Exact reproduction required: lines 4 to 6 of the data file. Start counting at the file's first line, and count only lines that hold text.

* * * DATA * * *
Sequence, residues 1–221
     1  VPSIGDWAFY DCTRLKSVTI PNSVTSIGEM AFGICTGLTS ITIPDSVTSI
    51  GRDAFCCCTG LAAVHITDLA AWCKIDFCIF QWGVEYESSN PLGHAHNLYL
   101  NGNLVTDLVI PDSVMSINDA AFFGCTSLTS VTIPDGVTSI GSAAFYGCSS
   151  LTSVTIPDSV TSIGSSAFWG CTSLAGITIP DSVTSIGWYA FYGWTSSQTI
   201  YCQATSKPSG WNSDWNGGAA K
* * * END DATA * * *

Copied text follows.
   101  NGNLVTDLVI PDSVMSINDA AFFGCTSLTS VTIPDGVTSI GSAAFYGCSS
   151  LTSVTIPDSV TSIGSSAFWG CTSLAGITIP DSVTSIGWYA FYGWTSSQTI
   201  YCQATSKPSG WNSDWNGGAA K